Well, no need to go into great detail. Suffice it to say that I fully expected to be sleeping for an indefinite period on a grass bed in the coulee. The next couple days were both the worst and best I’d experienced in many years. There was terrible darkness, the likes of which I’d have never thought possible for us. Yet at the same time, there was the strongest confirmation of our bond I’d felt perhaps since the day of our marriage. However painful, our reckoning also evoked growth and renewal. I wonder now if it’s the same for the goose couples, whenever they’re successful in thwarting perceived threats to their relationships. If only our human affairs were as quickly settled – a bit of chase, maybe a nip or a slap of wing, the brief scolding, reunion. In the goose world, everything plays out in a manner of minutes. In ours, grief and resentful memories linger. But so too does love...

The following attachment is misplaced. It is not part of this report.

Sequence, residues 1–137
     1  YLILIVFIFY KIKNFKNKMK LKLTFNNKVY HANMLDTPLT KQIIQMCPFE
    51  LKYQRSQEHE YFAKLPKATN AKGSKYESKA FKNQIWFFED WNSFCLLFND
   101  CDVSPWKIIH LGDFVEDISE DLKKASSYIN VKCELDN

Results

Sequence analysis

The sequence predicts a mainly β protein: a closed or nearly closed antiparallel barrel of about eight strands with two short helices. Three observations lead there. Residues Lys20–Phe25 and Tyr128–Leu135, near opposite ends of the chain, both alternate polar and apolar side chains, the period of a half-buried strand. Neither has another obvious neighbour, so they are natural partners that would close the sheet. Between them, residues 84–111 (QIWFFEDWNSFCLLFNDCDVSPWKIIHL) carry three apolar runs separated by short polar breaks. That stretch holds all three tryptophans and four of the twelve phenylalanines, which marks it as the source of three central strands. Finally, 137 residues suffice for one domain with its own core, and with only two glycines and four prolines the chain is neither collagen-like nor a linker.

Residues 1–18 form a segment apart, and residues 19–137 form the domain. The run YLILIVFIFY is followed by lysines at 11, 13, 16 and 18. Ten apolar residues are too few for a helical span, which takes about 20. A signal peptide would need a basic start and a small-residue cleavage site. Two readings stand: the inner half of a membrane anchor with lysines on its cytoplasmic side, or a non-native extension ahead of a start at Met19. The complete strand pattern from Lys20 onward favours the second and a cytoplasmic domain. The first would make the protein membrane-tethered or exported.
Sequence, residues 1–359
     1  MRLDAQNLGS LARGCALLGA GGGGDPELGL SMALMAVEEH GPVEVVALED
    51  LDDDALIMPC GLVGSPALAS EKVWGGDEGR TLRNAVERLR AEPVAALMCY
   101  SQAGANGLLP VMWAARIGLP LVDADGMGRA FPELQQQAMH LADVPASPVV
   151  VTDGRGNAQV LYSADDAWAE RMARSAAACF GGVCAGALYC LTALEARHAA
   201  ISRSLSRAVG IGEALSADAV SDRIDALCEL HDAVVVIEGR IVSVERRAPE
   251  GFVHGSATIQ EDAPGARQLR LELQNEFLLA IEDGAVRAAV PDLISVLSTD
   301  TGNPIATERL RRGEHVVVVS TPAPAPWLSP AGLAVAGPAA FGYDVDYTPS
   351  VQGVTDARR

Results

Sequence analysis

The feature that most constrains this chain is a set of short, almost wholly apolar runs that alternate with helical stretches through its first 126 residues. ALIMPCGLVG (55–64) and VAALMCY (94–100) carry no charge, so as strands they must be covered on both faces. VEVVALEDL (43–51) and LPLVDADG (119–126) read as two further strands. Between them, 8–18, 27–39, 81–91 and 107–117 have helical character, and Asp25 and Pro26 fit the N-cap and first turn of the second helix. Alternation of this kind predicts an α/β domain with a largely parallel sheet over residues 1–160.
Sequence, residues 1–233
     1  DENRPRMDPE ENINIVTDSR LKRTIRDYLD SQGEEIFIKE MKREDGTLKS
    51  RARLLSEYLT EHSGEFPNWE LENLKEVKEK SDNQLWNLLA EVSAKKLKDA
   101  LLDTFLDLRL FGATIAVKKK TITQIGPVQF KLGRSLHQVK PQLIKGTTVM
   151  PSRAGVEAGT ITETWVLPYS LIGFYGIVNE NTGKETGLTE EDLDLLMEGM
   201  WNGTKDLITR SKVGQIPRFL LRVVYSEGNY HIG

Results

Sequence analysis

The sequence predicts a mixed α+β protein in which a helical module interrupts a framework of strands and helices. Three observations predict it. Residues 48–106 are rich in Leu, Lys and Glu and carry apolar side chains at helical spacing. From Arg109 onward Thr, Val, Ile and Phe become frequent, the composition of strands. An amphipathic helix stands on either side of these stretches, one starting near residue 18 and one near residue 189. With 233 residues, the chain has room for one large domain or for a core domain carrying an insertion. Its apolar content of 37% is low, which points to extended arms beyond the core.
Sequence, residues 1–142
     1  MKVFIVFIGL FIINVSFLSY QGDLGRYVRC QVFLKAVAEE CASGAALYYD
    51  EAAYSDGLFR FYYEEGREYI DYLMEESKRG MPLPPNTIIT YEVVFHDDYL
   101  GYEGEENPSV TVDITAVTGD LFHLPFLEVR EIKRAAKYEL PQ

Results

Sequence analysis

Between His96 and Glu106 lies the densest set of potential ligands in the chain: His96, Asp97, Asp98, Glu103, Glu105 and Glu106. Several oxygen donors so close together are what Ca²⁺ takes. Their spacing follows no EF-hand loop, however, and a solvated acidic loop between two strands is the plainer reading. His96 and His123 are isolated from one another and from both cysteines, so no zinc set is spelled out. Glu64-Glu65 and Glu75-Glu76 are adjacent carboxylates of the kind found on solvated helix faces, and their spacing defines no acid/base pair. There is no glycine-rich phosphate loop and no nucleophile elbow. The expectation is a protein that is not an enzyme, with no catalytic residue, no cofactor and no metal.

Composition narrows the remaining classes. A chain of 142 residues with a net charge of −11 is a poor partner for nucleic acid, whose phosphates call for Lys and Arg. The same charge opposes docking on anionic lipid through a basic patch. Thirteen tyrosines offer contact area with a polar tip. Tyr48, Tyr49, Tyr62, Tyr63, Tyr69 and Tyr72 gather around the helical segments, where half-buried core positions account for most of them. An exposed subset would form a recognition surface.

It’s dusk at Sspopiikimi, the turtle pond, our little oxbow off the Old Man River. The daylight’s slipping away on us, Piipiiaakii and I, as we make one of our initial rounds of the season here together. Earlier in the day, we’d stopped by another nearby wetlands and watched four pairs of golden-eyes, the males engrossed in display, stretching their necks forward and then arching them back till they rested on their tails. Nearby, a common merganser dove for fish, starlings milled about on a grassy hummock, California gulls stood bored on the ice, and a golden eagle sat perched in an old poplar snag.

All is settled between us, of this first and hopefully last crisis in our marriage. Winding a circle around the pond, we fawn over one another again, and thrill at the unfolding signs of our favorite season. The geese are arriving to the river in couples. The robins mate conspicuously as we pass through the forest, fluttering together for a moment, resting, and resuming. There’s a porcupine in the bull-berry brush by the duck blind. And as we sit together on the bank of the pond, in the growing darkness, watching beavers drag bulrush stems to the crescent-shaped pile in front of their lodge, ten pairs of mallards land in the water before us. It would be two sleeps before the trumpeter swans returned to Innokimi, long lake, and all was as it should be.